27 October 2003 | howard.schumann
Shallow and Unconvincing
Made for only $250,000, Justin Lin's Better Luck Tomorrow is a dark comedy about a group of over-achieving Asian-American high-school students in Orange County, California whose boredom and feelings about being outsiders lead to acts of petty crime and ultimately to serious violence. It is a film that challenges assumptions about Asian-Americans as asexual computer nerds, showing that they can be just as shallow and bereft of values as any white-skinned American. Better Luck Tomorrow has been hyped in the Asian community as something imperative to support. As voiced in an "open letter" from actor Parry Shen, who plays the lead role of Ben in the film, "It is not just a movie. What hinges on this release is so much larger than the film itself." While I support the fact that this film is a welcome antidote to the traditional representation of Asian-Americans on film, it must be judged on its merits rather than as a political statement.
The film is narrated by Ben Manibag (Parry Shen), a 30-year old actor playing a 16 year old student. His narration sounds as if he's rehearsing for a high school play, speaking lines like "the morning after I lost my virginity, we won the national championship" and "You never forget the sight of a dead body. But then again, I was experiencing a lot of things for the first time. I guess it's just part of growing up." Ben and his friends Han (Sung Kang), Daric (Roger Fan) and Virgil (Jason J. Tobin) have everything going for them: top grades, near-perfect SAT scores, lots of money, extra-curricular activities, social clubs, and not even a parent in sight to call on them once in a while. "Our straight A's were our alibis, our passports to freedom. As long as we got great grades, out parents didn't care where we were" Ben explains.
Shot in the MTV-style with jump cuts and rock music, the film opens with the discovery of a dead body underneath the lawn of a suburban backyard, then flashes back four months to tell its story. After Daric writes an article about Ben being the token Asian on the basketball team, he invites Ben to join with his group in their questionable adventures. They start by selling "cheat sheets" to students, then to running a credit card scam at a computer store, snorting Cocaine, selling drugs, and ultimately to violence. They seem to love their bad boy image, it's all good clean fun. "It felt good to do things that I couldn't put on my college application," explains Ben. "Besides, it was suburbia -- we had nothing better to do." Other good things to do involve a cliched romantic triangle between Ben, Stephanie Vandergosh (Karin Anna Cheung), Ben's lab partner, and Steve (John Cho), a rich kid with an attitude that does not probe any depths.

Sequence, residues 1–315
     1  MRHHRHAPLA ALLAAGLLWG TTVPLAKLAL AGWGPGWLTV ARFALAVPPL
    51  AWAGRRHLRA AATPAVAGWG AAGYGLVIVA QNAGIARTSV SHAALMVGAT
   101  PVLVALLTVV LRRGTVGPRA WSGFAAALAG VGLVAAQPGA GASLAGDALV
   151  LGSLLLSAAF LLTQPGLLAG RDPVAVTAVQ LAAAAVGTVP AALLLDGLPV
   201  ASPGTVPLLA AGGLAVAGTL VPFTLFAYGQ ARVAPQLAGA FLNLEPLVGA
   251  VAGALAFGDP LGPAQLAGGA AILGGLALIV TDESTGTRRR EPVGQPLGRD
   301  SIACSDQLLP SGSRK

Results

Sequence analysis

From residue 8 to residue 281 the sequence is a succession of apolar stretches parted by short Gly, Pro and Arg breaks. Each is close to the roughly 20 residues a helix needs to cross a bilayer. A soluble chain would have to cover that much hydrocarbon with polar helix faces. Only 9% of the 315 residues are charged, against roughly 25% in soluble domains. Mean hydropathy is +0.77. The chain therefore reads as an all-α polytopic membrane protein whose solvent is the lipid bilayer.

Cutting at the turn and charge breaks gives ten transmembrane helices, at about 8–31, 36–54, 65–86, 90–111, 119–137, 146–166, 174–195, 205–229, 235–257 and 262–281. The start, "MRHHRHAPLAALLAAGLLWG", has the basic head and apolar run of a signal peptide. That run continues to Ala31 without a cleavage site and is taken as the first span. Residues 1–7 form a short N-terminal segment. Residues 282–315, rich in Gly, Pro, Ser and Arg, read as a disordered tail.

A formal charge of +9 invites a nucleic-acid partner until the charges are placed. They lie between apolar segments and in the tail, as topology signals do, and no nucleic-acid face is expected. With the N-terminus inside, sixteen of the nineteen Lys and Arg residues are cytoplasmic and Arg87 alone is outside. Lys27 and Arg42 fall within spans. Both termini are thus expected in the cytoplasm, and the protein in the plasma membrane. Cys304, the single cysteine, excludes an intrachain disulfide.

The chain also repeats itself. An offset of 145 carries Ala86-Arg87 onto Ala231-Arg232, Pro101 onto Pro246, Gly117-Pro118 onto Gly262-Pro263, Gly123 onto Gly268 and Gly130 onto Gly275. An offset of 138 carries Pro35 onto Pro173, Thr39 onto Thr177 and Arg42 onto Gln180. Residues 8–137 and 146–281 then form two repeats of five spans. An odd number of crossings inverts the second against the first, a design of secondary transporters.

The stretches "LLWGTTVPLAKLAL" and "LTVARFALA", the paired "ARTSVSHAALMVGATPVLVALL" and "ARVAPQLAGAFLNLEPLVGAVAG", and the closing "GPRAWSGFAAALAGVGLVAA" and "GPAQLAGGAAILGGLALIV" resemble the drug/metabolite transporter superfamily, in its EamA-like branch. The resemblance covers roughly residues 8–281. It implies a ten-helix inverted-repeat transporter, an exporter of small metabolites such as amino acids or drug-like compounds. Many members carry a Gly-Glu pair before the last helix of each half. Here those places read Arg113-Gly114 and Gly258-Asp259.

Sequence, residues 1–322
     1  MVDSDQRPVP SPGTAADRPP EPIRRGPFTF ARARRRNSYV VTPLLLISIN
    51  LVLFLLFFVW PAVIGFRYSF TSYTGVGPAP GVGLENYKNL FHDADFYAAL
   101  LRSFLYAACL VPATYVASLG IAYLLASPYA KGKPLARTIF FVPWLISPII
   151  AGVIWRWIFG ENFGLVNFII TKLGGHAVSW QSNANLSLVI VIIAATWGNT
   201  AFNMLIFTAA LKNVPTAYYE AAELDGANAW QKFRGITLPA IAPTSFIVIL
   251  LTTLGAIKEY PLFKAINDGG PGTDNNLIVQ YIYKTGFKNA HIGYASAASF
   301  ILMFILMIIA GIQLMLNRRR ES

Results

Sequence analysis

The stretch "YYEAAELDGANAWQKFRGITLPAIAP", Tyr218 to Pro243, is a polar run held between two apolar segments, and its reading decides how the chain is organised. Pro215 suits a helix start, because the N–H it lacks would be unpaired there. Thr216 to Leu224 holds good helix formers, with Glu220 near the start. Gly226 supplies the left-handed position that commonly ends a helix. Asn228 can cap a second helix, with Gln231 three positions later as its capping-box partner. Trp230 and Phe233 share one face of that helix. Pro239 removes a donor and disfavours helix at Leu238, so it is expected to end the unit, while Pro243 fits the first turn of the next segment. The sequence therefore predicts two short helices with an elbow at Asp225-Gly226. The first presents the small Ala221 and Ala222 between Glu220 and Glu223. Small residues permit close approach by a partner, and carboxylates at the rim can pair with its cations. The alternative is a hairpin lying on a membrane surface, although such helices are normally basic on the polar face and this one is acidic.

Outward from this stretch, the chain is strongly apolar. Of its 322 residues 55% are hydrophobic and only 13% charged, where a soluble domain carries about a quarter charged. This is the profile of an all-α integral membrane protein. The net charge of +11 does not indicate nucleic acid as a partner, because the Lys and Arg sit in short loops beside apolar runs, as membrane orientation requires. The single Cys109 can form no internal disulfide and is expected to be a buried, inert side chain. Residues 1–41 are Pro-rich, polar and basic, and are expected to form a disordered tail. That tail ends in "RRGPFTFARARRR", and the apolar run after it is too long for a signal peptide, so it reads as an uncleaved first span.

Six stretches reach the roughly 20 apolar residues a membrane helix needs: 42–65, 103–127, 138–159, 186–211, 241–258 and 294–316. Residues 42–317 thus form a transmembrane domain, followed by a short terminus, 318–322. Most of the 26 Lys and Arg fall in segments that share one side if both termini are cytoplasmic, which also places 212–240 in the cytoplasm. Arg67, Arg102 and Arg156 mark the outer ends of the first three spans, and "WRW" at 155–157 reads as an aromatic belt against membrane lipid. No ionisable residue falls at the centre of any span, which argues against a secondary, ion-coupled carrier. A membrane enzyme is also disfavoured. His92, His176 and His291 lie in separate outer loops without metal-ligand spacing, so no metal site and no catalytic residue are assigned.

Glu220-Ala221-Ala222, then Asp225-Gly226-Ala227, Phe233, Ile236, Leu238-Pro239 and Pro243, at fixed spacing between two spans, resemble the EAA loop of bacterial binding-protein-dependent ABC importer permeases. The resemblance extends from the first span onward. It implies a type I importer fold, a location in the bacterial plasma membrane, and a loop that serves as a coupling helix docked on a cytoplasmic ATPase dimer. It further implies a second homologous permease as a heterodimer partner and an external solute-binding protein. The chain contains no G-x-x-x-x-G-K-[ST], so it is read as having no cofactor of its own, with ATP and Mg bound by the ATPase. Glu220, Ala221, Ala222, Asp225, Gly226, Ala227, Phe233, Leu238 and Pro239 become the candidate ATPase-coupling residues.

While the movie is a sincere effort by a talented new director, it did not ring true for me. Although a film with an Asian cast (the first since The Joy Luck Club) that avoids ethnic stereotyping was long overdue, I was unconvinced by the one-dimensional performances and felt that the shift in the main character's personality, even accounting for years of suppressed anger, was too abrupt to be believable. To make a coherent statement about the pressure put on Asian teens to excel would have been welcome. Instead, what Better Luck Tomorrow offers is a Quentin Tarantino wannabe, a hopped-up exercise in "cool" with extended shots of brutality and an ending that can politely be called morally dubious. No attempt is made to probe the character's thoughts or feelings either before or after they commit their acts and that funny thing called "conscience" is as far removed from the film's reality as any adult authority figures. The effect, rather than a commendable attempt to resist offering facile explanations, is to glorify the crimes and make them seem acceptable. It is reported that Lin tightened up the editing, added new scenes, and "toned down" the ending because some viewers thought it was "too cynical." I would not liked to have seen the original.